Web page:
In the eyes of the public, however, the scandals came to define the art world as a whole. Within the broader cultural sphere, artists experienced a degree of isolation, and this caused obstacles to the building of the Kumu art museum, which fortunately were not insurmountable. But it is a significant fact that after the Raul Meel incident (with Meel receiving a state award in 1998 and being accused by the media in the same year), artists have been collectively punished to the extent that all through the 2000s they were denied several important cultural awards by the state. The Young Cultural Figure of the Year Award, presented by the president of Estonia, was first presented to an artist only in 2012, when it was received by the jewellery artist Tanel Veenre. Coverage of art in the media has fallen drastically, with negative news and artists’ obituaries rather than awards or creative achievements making it into the news. I would add to this list the demolition of the old building of the Estonian Academy of Arts in 2010 with the hope of building a new one, an effort which, however, has been beset with unexpected obstacles and confusion. For some reason, young Estonian artists of the 00s (with the exception of Külli K. Kaats in 2004) also dropped out of sight for the curators of the "Manifesta" contemporary art biennale.

The scandals also caused micro-ripples in people's minds. There were active critics of contemporary art who sharply pulled away from the field. (With this in mind, reading the fairly traumatic article "Eesti kujutav kunst – põranda alla?!" (Estonian figurative art—going underground?!) by Raoul Kurvitz in Postimees on 6 March 1998, one gets the feeling that the article had precisely this outcome.) After the 1998 exhibition "Valiku vabadus" at Tallinn Art Hall and the 2000 show "Duchamp's Suitcase" at Arnolfini in Bristol, I myself, for example, made a very conscious decision to withdraw from curating exhibitions. The list of such withdrawals could probably be continued.

The logic of the postmodernist model – "no consensus!" and the aspect of nihilism – has turned out to be a particularly sharp spike in the Estonian art world, as anyone that chooses a direction that is different from the ideal in the mind of the speaker is punished for it. This is superbly illustrated by the old newspaper clippings displayed in the exhibition "HUH? PHOOEY! YUCK! OH! WOW!". A good example is a survey conducted among colleagues by the art editor of the cultural newspaper Sirp and printed on 6 March 1998 under the title "Monumendid Eesti Vabariigile" (Monuments to the Republic of Estonia). The editor asked leading critics and artists how they would have curated the exhibition "Freedom of Choice", expecting a negative assessment of the whole exhibition. What emerges from the mass of text is that five out of the six art critics had ideal models for the exhibition, which differed from the actual one and from each other. No one, however, realised that the principle was to highlight the success stories of 1990s Estonian art and to increase its potential audience, to create a good feeling within the local art world.

"HUH? PHOOEY! YUCK! OH! WOW!" then, returned to the "scene of the crime" and asked the question: How do we relate to these old scandals today? While Jaan Toomik, Kai Kaljo and Raul Meel were seeking radical "honesty" and "documentarity" in the 1990s, we are surprised that the critical message of the works has not lost its freshness in 2012, rather the opposite. Still, as a recycling of the language of art, the model would probably no longer work today. In the exhibition, we see that the young artists of today have given the 1990s works an ironic twist; as if using a documentary description of reality, which, however, is completely fake on the inside. Now Flo Kasearu in her video "documents" the production of jars – decorated on the outside but content-wise empty – as a metaphor of our contemporary art. Anna-Stina Treumund "documents" macho attitudes, presenting them "autobiographically" as describing a hetero male. The sound art by the duo Johnson & Johnson plays with local and international relevance, presenting them through the relationship of natives and colonists.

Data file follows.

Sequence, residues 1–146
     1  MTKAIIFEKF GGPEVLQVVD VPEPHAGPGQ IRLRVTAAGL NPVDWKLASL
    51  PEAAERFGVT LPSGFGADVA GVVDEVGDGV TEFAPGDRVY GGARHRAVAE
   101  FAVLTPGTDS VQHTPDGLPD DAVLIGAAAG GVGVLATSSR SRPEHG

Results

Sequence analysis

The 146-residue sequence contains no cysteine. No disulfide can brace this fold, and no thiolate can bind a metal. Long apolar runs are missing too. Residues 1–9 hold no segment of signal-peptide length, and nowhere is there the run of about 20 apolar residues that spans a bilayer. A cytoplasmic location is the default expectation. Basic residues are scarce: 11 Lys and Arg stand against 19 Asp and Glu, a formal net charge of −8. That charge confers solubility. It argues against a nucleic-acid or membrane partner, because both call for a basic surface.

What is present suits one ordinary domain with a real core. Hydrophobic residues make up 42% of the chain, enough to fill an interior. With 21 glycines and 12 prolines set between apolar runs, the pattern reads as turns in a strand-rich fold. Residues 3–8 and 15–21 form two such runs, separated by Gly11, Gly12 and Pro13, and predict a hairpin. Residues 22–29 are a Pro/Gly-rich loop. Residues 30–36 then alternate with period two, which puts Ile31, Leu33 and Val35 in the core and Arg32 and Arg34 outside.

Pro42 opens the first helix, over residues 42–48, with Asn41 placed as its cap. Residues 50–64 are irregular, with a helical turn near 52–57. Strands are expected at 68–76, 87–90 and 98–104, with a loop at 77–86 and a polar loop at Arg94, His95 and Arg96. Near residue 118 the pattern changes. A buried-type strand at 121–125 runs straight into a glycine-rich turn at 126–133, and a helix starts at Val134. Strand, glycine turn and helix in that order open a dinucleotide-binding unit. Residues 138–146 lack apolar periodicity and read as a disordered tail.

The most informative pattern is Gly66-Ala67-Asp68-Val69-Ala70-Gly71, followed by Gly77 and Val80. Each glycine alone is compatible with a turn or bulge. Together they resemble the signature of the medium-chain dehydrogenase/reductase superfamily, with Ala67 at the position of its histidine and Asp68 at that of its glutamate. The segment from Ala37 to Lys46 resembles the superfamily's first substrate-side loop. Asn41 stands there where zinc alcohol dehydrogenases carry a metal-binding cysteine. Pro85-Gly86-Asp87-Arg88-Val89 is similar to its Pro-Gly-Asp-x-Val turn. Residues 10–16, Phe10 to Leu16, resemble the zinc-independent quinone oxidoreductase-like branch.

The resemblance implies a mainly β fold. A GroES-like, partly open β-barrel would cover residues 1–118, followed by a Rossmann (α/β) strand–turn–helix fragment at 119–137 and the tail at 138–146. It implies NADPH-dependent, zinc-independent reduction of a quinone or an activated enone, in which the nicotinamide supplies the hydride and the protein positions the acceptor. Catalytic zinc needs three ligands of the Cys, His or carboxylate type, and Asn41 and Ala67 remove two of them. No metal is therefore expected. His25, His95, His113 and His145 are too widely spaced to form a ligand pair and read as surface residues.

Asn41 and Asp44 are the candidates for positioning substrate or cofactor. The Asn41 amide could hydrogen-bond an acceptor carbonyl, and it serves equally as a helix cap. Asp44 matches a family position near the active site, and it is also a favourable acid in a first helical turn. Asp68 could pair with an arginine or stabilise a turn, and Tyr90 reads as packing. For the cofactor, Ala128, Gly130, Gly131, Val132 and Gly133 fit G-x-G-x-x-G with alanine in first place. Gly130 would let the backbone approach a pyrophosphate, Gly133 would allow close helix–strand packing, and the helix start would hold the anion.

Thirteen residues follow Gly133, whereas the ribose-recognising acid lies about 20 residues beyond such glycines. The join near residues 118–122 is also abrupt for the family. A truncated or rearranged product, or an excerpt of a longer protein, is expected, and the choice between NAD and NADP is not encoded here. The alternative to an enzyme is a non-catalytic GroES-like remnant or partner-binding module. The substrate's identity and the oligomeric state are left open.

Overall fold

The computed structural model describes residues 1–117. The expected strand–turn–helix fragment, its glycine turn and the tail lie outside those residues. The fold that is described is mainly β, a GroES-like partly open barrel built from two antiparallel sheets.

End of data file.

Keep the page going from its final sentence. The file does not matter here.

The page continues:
"Therapy"

"HUH? PHOOEY! YUCK! OH! WOW!" also has a therapeutic effect. As therapeutic as the video by Marina Abramović (displayed in the same rooms of the Tartu Art Museum during last year's "ART IST KUKU NU UT" festival), where the artist holds a white flag while sitting on a white war-horse with her back held straight.

The key question in 2012 is: Will this exhibition change anything? Can contemporary art on Estonian soil be cleared of the "jar of shit" connotation? And if so, how? In the editorial for the previous issue of KUNST.EE (2012/3), Andreas Trossek asks language experts to explain the use of the word "purkisittuja" (someone who shits in a jar). We are told that it is a vulgar phrase. On 28 September, this fresh piece of news was picked up right away by Eesti Ekspress. A consensus was reached by KUNST.EE and Eesti Ekspress: "Please, don’t use this word any more." This sentence should be framed in gold and hung up where everyone can see it.

On the other hand, it could also be a lesson for the Estonian art world – if you do not respect each other among your own ranks, then society too will see no reason to respect you. A call on the art world for mutual forgiveness and tolerance should also be framed in gold.

Let us dream on. The permanent exhibition presenting the art of the 1990s and the 2000s at Kumu will be wisely selected. The Estonian Academy of Arts will have its new building. The public will be educated about contemporary art at school. Cultural politics will rush to help. And the media will understand their mistake and correct it.

 

Heie Treier is docent in Art History at the Institute of Fine Arts, Tallinn University. She was editor-in-chief of kunst.ee for 2000–2008 and art editor of the weekly newspaper Eesti Ekspress for 1998–2000.